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# Classification of BMI control commands from rat's neural signals using extreme learning machine

- Youngbum Lee
^{1}, - Hyunjoo Lee
^{2}, - Jinkwon Kim
^{1}, - Hyung-Cheul Shin
^{2}and - Myoungho Lee
^{1}Email author

**8**:29

https://doi.org/10.1186/1475-925X-8-29

© Lee et al; licensee BioMed Central Ltd. 2009

**Received:**23 February 2009**Accepted:**28 October 2009**Published:**28 October 2009

## Abstract

A recently developed machine learning algorithm referred to as Extreme Learning Machine (ELM) was used to classify machine control commands out of time series of spike trains of ensembles of CA1 hippocampus neurons (n = 34) of a rat, which was performing a target-to-goal task on a two-dimensional space through a brain-machine interface system. Performance of ELM was analyzed in terms of training time and classification accuracy. The results showed that some processes such as class code prefix, redundancy code suffix and smoothing effect of the classifiers' outputs could improve the accuracy of classification of robot control commands for a brain-machine interface system.

## Keywords

- Extreme Learn Machine
- Hide Node
- Spike Train
- Hide Neuron
- Back Propagation Neural Network

## Introduction

A brain-machine interface (BMI) is a communication channel, which transforms a subject's thought processes into command signals to control various devices, for example, a computer application, a wheelchair, a robot arm, or a neural prosthesis. Many studies have been made on the prediction of human voluntary movement intention in real-time based on invasive or noninvasive methods to help severely motor-disabled persons by offering some abilities of motor controls and communications. A noninvasive method records electroencephalographic (EEG) signals and extracts intentional traits or movement-related EEG features, such as the P300 component of an event-related evoked potential [1], EEG mu rhythm conditioning [2–4], or visually evoked potential [5]. Noninvasive methods have low spatial resolution since they take readings from the entire brain rather than a specific part of the brain [6]. On the other hand, an invasive method delivers better signal quality at the expense of its invasive characteristic. Its typical approaches include electrocorticograms [7], single neuron recordings [8], or multi-neuron population recordings [9]. Advanced researches on invasive methods are being actively pursued with the aim of recovering complex and precise movements by decoding motor information in motor related brain areas [10, 11]. Naturally, such researches have raised the hopes of paralyzed people. Due to the advances of science and medical technologies, life expectancy has increased. As the person's age increases, the development of multiple chronic conditions increases. The number of motor-disabled and solitary aged people also increases. However, the resources needed to care for the aged is not meeting the demands. A virtual reality linked to a general purpose BMI could be an alternative for the shortcoming resources on the arrival of aging society and the need of assistive technology.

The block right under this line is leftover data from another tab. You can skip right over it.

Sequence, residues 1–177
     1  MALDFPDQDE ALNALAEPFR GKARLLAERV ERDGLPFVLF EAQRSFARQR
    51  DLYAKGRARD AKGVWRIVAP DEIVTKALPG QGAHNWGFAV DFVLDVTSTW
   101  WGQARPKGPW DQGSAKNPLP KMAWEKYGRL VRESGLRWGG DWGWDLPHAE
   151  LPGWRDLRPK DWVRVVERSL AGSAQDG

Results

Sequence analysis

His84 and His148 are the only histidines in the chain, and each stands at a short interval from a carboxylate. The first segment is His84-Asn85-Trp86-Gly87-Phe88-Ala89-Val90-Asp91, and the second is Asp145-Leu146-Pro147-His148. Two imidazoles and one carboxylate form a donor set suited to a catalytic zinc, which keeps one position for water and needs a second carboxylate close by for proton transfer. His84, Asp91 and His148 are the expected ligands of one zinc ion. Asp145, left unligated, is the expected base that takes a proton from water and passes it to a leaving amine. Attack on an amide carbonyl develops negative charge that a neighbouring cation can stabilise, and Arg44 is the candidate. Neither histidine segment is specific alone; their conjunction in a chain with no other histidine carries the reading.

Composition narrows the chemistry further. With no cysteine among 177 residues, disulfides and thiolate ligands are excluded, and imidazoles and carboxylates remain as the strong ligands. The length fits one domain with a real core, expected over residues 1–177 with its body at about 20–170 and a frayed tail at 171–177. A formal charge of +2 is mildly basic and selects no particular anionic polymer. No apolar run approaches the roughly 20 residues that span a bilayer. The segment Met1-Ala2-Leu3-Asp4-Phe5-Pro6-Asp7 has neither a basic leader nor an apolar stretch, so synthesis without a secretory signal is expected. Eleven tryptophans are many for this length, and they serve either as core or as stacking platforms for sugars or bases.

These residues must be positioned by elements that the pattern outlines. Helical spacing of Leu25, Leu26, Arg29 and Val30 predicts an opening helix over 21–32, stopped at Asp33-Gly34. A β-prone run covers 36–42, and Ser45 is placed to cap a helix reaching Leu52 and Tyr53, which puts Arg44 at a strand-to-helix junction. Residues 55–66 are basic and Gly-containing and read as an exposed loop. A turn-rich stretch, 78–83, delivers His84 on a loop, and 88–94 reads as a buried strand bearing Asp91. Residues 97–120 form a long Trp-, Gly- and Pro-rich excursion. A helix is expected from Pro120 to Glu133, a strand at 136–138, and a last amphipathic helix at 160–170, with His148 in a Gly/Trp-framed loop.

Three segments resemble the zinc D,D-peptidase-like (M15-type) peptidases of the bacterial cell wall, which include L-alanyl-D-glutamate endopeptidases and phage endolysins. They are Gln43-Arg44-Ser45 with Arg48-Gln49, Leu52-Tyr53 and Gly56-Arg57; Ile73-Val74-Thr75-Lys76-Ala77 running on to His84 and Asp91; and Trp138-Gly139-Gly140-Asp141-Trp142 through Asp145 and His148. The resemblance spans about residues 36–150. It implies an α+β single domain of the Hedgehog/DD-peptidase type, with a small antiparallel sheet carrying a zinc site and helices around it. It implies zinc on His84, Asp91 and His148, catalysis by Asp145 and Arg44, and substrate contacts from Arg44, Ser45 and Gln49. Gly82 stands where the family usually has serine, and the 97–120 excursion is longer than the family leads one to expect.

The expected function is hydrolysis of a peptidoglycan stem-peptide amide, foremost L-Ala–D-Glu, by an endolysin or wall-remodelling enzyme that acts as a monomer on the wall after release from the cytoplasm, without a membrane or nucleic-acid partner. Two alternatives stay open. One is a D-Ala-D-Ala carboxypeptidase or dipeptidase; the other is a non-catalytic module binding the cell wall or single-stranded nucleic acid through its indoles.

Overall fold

*m*spike trains

*s*

_{ j },

*j*= 1,2, ⋯,

*m*in real-time, where and denotes the time of occurrence of the p'th spike emitted by the j'th neuron. Each spike train during a time interval (0,

*T*] was transformed into time series data in the feature extraction unit, where and

*z*=

*T*/Δ

*t*and Δ

*t*=

*t*

_{ i }-

*t*

_{i-1}is the bin size of the time series data. The neuronal response function

*ρ*

^{ j }(

*t*

_{ i }) was evaluated as sums over spikes from j'th neuron for 0 ≤

*t*≤

*i*Δ

*t*[13]. The correlation coefficients

*r*

_{ jk }and the partial correlation coefficients

*r*

_{jk,l}of the time series data were then calculated using the equations given in reference [14]. The correlation coefficient

*r*

_{ jk }measures the correlation between the time series data

*X*

_{ j }and

*X*

_{ k }. The partial-correlation coefficient

*r*

_{ jk }measures the net correlation between the time series data

*X*

_{ j }and

*X*

_{ k }after excluding the common influence of (i.e., holding constant) the time series data

*X*

_{ l }[13]. The source selection unit classified the time series data

*X*

_{ j }into two groups, correlated, and uncorrelated groups, according to the values of the correlation coefficients. Each group was again subdivided into two subgroups based on the values of the partial correlation

*s*